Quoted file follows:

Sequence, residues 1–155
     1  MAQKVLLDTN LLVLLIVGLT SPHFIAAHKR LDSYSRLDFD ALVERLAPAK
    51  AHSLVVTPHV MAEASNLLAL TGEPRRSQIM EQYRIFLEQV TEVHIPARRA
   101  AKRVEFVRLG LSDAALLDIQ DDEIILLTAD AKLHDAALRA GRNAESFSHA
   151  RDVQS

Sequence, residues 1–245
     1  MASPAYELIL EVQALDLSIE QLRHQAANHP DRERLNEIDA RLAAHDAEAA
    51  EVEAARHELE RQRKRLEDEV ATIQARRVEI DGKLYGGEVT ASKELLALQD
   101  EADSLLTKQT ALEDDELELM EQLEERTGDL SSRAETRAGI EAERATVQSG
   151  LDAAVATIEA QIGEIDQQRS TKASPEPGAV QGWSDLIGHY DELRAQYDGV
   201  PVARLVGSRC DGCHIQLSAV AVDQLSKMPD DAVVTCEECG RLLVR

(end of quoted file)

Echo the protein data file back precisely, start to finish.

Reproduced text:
Sequence, residues 1–155
     1  MAQKVLLDTN LLVLLIVGLT SPHFIAAHKR LDSYSRLDFD ALVERLAPAK
    51  AHSLVVTPHV MAEASNLLAL TGEPRRSQIM EQYRIFLEQV TEVHIPARRA
   101  AKRVEFVRLG LSDAALLDIQ DDEIILLTAD AKLHDAALRA GRNAESFSHA
   151  RDVQS

Sequence, residues 1–245
     1  MASPAYELIL EVQALDLSIE QLRHQAANHP DRERLNEIDA RLAAHDAEAA
    51  EVEAARHELE RQRKRLEDEV ATIQARRVEI DGKLYGGEVT ASKELLALQD
   101  EADSLLTKQT ALEDDELELM EQLEERTGDL SSRAETRAGI EAERATVQSG
   151  LDAAVATIEA QIGEIDQQRS TKASPEPGAV QGWSDLIGHY DELRAQYDGV
   201  PVARLVGSRC DGCHIQLSAV AVDQLSKMPD DAVVTCEECG RLLVR